The Seasoned Ticket #125

Robert Horton is a Scarecrow board member and a longtime film critic. He will be contributing a series of “critic’s notes” to the Scarecrow blog—a chance to highlight worthy films playing locally and connecting them to the riches of Scarecrow’s collection.

Night of the Kings, the Ivory Coast’s submission for the Oscars this year, streams from SIFF right here.

I am not entirely sure what Night of the Kings is, but it is—and I’m not being glib here—certainly something. This film from the Ivory Coast takes us to a brutal prison called La MACA (surrounded by the lushness of jungle) where a new inmate arrives on an auspicious night: the “Night of the Red Moon,” where it’s literally glowing scarlet out there. The person who controls the prison is not the beleaguered warden, but an inmate who holds the position of the “dangoro,” a once-fearsome giant named Blackbeard.

Blackbeard is being challenged by younger pretenders to the throne, and they have reason to believe the time for change is nigh; as we meet him, Blackbeard is lugging around an oxygen tank, his strength ebbing, his body lurched to one side as though halfway given up. By custom, he must absent himself from his regal status when his physical power has gone, and he will do that this night. But not before declaring that the newcomer is a “Roman”—not in the sense of ancient Rome, but in the sense of the French word for fiction. The Roman is installed to spend a night telling a story, and—a West African Scheherazade—he will be killed when he finishes the tale.

Yes, so, this is sort of what the film is about—and yet it is not what the film is. Nothing in Night of the Kings conforms to any conventional mode of storytelling, just as the Roman’s panicky methods of stretching his tale have a tendency to go back and forth in time. (We see parts of his story acted out, tales of a contemporary criminal in Abidjan; the snippets are laced with magical realism.) As the Roman does his best to summon his powers as a griot, and hold off his potential murderers, the other inmates “perform” the story, moving their bodies in wordless dance, or singing impromptu songs that relate to the drama at hand. It’s opera, it’s melodrama, and it’s slathered in burnished light, despite the dreary setting of the MACA; cinematographer Tobie Marier-Robitaille makes the dingy prison look like the corridors of a decaying European royal court. Oh, and over there in the corner is Denis Lavant (of Beau Travail and Holy Motors renown), walking around as the only white jailbird, a live chicken perched on his shoulder throughout.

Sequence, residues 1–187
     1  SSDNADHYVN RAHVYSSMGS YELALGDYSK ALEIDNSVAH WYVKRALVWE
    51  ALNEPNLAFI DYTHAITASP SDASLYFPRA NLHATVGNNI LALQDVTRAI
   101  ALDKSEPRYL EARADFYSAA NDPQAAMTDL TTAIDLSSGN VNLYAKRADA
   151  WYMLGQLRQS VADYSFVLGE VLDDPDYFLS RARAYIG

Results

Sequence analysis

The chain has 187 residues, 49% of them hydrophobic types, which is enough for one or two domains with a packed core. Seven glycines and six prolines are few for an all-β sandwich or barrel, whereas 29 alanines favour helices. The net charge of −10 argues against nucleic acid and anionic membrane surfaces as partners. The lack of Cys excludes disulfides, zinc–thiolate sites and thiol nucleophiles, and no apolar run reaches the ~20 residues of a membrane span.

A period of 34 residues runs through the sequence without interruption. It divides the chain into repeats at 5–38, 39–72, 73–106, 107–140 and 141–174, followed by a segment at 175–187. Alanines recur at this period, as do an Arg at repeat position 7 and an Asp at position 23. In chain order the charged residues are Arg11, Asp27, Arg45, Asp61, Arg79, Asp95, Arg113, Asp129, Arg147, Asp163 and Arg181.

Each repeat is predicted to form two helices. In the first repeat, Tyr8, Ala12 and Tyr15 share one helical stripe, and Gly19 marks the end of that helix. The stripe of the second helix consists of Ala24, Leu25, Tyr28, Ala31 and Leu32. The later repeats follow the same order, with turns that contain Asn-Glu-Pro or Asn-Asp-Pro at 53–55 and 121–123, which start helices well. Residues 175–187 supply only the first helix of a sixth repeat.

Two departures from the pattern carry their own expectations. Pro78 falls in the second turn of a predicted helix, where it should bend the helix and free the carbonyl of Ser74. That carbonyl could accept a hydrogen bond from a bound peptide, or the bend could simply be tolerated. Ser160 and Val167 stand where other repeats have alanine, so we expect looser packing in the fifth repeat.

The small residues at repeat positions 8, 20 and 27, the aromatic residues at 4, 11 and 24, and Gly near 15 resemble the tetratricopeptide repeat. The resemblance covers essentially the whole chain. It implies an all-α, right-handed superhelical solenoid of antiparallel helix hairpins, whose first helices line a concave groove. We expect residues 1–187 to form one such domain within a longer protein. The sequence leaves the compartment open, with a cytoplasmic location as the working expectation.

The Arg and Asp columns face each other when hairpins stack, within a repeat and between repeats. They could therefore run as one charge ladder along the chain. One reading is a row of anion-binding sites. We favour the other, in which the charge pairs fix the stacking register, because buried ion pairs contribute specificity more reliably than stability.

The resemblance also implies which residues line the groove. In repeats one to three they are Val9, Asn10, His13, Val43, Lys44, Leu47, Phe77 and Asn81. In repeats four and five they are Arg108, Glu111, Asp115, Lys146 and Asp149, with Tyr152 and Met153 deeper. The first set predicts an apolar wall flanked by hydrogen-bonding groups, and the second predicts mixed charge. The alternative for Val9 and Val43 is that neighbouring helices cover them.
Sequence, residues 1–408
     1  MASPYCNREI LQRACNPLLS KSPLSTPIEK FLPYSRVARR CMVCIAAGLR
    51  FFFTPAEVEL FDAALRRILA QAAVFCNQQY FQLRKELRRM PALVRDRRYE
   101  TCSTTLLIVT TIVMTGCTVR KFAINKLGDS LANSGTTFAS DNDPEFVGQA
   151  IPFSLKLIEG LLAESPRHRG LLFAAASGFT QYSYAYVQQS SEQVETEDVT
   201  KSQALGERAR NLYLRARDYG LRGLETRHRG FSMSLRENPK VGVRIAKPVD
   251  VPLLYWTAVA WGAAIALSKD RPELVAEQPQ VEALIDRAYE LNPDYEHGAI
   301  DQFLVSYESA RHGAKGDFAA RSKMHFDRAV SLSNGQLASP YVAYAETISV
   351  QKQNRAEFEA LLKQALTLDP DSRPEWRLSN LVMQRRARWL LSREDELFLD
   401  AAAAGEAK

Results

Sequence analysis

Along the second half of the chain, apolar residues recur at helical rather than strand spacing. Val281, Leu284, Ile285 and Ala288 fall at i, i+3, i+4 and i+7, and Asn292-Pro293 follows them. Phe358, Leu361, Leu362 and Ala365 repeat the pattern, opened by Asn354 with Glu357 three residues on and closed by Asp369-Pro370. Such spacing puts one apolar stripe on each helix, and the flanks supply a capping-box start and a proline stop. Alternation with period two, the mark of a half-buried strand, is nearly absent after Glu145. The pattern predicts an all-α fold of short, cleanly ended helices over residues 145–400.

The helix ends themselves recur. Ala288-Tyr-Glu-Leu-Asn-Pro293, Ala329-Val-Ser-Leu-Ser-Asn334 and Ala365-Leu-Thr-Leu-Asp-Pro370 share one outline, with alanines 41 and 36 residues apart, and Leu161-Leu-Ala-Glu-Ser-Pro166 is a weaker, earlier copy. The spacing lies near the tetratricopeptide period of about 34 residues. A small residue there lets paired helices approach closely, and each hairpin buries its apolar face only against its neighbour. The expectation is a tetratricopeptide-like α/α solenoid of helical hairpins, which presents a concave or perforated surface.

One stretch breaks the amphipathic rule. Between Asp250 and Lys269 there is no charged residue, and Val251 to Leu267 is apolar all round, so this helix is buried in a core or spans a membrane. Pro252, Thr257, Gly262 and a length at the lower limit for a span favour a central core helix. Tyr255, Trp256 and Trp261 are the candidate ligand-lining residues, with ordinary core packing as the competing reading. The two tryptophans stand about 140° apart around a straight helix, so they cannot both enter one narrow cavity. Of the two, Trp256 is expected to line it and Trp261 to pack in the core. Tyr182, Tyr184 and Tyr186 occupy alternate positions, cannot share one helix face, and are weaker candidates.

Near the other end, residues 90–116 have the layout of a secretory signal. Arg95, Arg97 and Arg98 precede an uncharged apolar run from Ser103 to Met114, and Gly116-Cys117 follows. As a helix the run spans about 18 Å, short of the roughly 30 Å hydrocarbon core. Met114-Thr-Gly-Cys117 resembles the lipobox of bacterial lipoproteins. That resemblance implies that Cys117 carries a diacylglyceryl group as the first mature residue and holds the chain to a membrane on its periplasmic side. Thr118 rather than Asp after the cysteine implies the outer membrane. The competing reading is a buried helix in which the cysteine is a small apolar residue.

Lavant’s role is small, but his presence is indicative of writer-director Philippe Lacôte’s talent for casting. The film is full of extraordinary people, including the wide-eyed newcomer (Bakary Koné, his first film role), a nervy pretender (Abdoul Karim Konaté), the princess of the story-within-the-story (artist Laetitia Ky), a blind man of great significance (Rasmane Ouedraogo, a memorable figure from Ousmane Sembene’s Moolade), and especially the once-mighty Blackbeard, in a performance by Steve Tientcheu that’s all the more powerful for the way Tientcheu summons up the dissipated brawn of the man, dragging his oxygen tent with him like a punishment for past transgressions. There isn’t a dull face in the film.

The Roman’s story transfixes the inmates, though likely less so to the movie audience; I assume it has some resonance for Ivorians and West Africans that might not translate. But there is a spell being cast, and it has something to do with the way the movie doesn’t explain its meanings, or its curious blend of gritty there-ness with mythological undertones. Not everything works, I think, but the dizzying atmosphere that emerges is haunting. 

February 26, 2021


Robert Horton is a member of the National Society of Film Critics.

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